Here it is, weeks after the Texas Legislature shut down for the next year and a half, and I can’t get these numbers out of my mind.
185. 83. 1485. 878.
They aren’t my lottery picks. These numbers belong to House bills that, if passed, would have gone a long way towards fixing our broken property tax system. Real reforms.
These are the bills I loved that died.
Instead, we have a new property tax law, already in effect, that is half-baked. The appraisal system will get standardized across the state. You’ll receive more information on your taxes and what you pay. You’ll even have a chance, in elections, to lower the boom on big government tax increases.
But your taxes won’t drop enough to notice.
I tried to look at the positive in my recent summary of its benefits — “Breaking it down: This is how the new Texas property tax law affects you.”
But I can’t go on pretending that this is some grand achievement. The grand achievement bills are the dead ones I can’t stop thinking about.
483. 1444. 1551. 1703.
These bills would have brought greater fairness to a terrible system.
The Watchdog wondered what went wrong with these bills. How did they die? And why?
One bill I loved would have made sales prices public, eliminating a lot of the guesswork in appraisals. Others would have lowered the 10% limit allowed for a maximum annual increase in taxable value down to 5%.
One wanted to help Texans 65 and older, their surviving spouses and disabled people with an across-the-board tax freeze, not just school taxes, but city, county, hospital and college districts, too.
Another bill promoted elections to pick a chief appraiser, making that crucial job more responsive to the public.
The Watchdog reached out to 13 lucky lawmakers who offered these idealistic bills. Told their staffers that their dead bills would, in this space, get one more gasp of life. Six cared enough to talk.
The crucial player wouldn’t talk. I noticed in my postmortem examination of bills I loved that died that most passed away in the same place — the meeting room of the House Ways and Means Committee, which handles tax bills.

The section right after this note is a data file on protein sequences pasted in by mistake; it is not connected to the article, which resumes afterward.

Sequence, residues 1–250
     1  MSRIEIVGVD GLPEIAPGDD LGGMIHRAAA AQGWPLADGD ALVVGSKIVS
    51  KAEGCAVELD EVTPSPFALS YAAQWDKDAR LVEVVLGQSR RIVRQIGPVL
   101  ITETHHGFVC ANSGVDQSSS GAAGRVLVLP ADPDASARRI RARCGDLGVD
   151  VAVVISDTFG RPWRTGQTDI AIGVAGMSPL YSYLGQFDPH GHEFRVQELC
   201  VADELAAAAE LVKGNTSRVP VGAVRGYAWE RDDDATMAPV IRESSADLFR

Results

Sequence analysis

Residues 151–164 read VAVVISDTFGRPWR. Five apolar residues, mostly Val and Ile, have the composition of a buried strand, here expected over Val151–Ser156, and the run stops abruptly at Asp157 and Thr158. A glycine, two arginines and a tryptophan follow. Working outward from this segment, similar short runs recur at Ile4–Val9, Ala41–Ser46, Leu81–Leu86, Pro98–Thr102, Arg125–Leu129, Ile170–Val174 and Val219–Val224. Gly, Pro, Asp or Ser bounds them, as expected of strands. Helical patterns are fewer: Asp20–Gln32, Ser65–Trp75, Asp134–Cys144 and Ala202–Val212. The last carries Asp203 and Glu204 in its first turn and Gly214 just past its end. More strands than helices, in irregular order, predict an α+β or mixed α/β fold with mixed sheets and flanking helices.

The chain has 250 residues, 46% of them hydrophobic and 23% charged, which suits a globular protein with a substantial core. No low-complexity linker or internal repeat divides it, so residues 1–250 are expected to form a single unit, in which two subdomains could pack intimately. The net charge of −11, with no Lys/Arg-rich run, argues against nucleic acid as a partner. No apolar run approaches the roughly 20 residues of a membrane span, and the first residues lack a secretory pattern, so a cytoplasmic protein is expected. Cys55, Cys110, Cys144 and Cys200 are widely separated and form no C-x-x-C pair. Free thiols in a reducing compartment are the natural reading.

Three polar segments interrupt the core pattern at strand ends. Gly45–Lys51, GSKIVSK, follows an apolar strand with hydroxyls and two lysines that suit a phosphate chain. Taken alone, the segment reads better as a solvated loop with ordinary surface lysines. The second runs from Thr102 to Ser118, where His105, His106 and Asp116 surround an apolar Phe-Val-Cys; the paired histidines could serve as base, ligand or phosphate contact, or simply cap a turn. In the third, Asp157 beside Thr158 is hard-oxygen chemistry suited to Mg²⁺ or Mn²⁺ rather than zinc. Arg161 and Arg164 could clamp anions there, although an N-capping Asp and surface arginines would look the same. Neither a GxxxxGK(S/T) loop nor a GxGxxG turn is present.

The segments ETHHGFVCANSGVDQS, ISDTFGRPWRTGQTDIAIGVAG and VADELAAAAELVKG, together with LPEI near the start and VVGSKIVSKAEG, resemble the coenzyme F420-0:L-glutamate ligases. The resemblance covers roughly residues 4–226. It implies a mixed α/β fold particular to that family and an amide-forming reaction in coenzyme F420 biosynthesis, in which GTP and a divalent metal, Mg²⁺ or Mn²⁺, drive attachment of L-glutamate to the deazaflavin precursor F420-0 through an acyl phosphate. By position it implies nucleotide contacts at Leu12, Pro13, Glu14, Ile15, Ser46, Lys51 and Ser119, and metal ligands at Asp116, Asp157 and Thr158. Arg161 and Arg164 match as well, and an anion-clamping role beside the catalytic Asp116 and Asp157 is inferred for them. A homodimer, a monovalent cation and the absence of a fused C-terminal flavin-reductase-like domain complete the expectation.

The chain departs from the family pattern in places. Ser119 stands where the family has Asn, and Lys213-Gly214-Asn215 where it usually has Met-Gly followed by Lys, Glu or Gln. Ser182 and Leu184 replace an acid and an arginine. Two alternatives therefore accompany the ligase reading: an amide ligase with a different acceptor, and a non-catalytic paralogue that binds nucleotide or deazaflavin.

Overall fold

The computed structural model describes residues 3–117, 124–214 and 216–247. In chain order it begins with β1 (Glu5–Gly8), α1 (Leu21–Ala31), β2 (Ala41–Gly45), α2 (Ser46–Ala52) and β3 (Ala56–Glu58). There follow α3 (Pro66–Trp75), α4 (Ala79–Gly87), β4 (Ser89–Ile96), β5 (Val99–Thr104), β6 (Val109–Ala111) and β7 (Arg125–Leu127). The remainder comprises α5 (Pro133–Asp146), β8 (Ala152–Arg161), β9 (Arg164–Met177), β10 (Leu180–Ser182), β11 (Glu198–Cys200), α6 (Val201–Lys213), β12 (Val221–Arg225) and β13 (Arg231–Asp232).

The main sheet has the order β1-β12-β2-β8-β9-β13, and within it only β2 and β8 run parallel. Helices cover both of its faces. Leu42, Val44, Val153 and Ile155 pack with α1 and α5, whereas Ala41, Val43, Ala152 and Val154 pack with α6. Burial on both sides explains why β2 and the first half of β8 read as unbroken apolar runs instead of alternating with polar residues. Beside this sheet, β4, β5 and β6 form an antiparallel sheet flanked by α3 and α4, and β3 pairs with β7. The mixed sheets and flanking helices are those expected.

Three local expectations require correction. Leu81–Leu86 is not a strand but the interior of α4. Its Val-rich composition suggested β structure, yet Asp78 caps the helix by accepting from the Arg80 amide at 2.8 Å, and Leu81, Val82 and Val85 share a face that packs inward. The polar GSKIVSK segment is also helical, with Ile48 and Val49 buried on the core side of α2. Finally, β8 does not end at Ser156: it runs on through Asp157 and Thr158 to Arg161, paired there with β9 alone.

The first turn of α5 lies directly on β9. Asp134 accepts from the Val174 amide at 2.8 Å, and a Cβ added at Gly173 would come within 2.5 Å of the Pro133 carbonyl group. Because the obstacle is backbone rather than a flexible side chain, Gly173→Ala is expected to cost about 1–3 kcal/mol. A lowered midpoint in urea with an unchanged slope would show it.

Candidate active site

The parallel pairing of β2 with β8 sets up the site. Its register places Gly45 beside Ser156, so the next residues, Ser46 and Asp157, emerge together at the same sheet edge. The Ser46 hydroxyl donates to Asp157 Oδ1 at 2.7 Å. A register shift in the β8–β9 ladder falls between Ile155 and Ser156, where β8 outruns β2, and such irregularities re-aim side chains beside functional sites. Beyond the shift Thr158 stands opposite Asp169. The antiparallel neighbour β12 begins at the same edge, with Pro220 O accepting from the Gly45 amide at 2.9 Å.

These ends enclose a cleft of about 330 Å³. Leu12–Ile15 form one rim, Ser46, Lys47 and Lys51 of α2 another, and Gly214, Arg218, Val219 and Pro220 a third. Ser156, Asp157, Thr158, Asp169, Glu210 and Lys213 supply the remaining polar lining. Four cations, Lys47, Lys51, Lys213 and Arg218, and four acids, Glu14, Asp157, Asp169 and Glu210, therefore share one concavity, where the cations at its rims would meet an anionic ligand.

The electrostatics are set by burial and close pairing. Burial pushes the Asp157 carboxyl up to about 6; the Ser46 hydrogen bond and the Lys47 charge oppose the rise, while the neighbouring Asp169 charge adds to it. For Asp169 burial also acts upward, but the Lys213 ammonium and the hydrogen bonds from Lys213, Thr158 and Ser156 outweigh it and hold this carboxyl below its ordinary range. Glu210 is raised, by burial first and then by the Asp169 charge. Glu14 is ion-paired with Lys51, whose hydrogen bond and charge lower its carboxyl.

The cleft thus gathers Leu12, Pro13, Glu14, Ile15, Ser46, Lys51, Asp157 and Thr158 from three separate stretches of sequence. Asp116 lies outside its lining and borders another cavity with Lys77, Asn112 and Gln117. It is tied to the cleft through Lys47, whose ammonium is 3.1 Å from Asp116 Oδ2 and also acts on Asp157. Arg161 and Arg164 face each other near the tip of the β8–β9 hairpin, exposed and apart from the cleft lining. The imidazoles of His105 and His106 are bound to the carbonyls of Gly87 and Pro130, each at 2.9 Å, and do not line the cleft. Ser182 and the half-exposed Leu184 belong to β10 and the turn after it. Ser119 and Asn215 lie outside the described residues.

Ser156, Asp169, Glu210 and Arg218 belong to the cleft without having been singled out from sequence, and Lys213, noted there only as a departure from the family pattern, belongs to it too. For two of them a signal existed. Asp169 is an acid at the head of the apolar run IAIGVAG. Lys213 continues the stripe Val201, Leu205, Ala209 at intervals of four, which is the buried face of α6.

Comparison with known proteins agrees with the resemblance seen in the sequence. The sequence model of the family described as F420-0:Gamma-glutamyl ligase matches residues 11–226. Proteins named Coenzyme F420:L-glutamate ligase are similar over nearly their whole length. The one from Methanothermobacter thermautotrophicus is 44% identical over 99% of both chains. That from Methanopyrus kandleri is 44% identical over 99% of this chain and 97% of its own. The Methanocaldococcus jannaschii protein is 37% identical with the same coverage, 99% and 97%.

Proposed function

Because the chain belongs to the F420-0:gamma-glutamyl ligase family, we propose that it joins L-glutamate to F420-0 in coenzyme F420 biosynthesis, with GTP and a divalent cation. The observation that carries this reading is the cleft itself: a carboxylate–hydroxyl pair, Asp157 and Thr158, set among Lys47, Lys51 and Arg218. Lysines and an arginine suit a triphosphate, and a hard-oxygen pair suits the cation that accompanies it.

Chairman Dustin Burrows, R-Lubbock, ushered the new tax law through the House, but not those bills I loved that died.
This week, his spokesman told me he was busy at work and unable to talk to The Watchdog.
‘A bandwidth thing’
Instead, I talked to someone on his committee. State Rep. Matt Shaheen, R-Plano, offered a bill that would have imposed term limits on members of appraisal review boards.
“The complaint I received from constituents is that the good old boy environment starts to impair,” he said. “When somebody is on the board for a long period of time, they start developing solid relationships with staff, and their independence seems to deteriorate over time.”
Even though he was on the committee that handles tax bills, he couldn’t move his bill out.
“It was a bandwidth thing,” he said. There’s only so much space. “At the end of the day, we’ve got to make a determination where we’re going to spend our time.”
I asked the Republican if stronger reform bills didn’t get passed because leadership — governor, House speaker and lieutenant governor — didn’t want to go that far in making substantial changes.
He answered that unlike recent House sessions that operated top-down, this year’s was the opposite. Members drove the agenda more, he said.
“Our constituents wanted real property tax relief,” he said. “It just so happened that the top three glommed onto that and led.”
‘A leadership thing’
It’s no surprise that a Democrat disagrees. Rookie state Rep. Leo Pacheco, D-San Antonio, offered a bill freezing all property taxes for seniors and disabled persons.
It died in the ... well, you know.
The idea behind the bill came from a public policy and urban planning class he taught at San Antonio College. His students believed a total freeze would protect the most vulnerable and help them keep their homes.
“I went to committee members, but nobody wanted to vote on it,” he said.
“Why is that?” he was asked.
“I’m not sure,” he said. “We think, honestly, it was coming from the top. They had their Senate Bill 2 thing going on” — that’s the tax bill that passed — “and they didn’t want any other bills like this interfering. That’s my gut feeling.
“Nobody told me, but you can somehow get a sense on the House floor. They’ve got one direction they’re going on, and they’re not listening to anything else at that point. I think it’s a leadership thing.”
Two other rookies, like Pacheco, tried to go big in tax reform, but they were stopped at the front door.
Freshman state Rep. Michelle Beckley, D-Carrollton, offered a bill trying to fix a loophole that allows commercial properties to pay less in taxes, percentage wise, of a property’s true value when compared to what homeowners pay.
She also offered a bill making sales prices public.
“A lot of people think a freshman carrying these big bills is odd,” she said. “Things do move really slow in the statehouse.”
Freshman Jared Patterson, R-Frisco, offered a bill that would have based the appraised value of a property on a five-year average.
He lobbied the Ways and Means chairman, he said. “Ways and Means was obviously pretty busy.”
Patterson says he’ll try again next time. Same goes for the others.
“I’m going to try again,” Pacheco said. “Faster and smarter. Maybe I’m going to make some noise.”
Sounds good, except for that word “maybe.” No maybe. Just make the darn noise.
1977. 2008. 1816.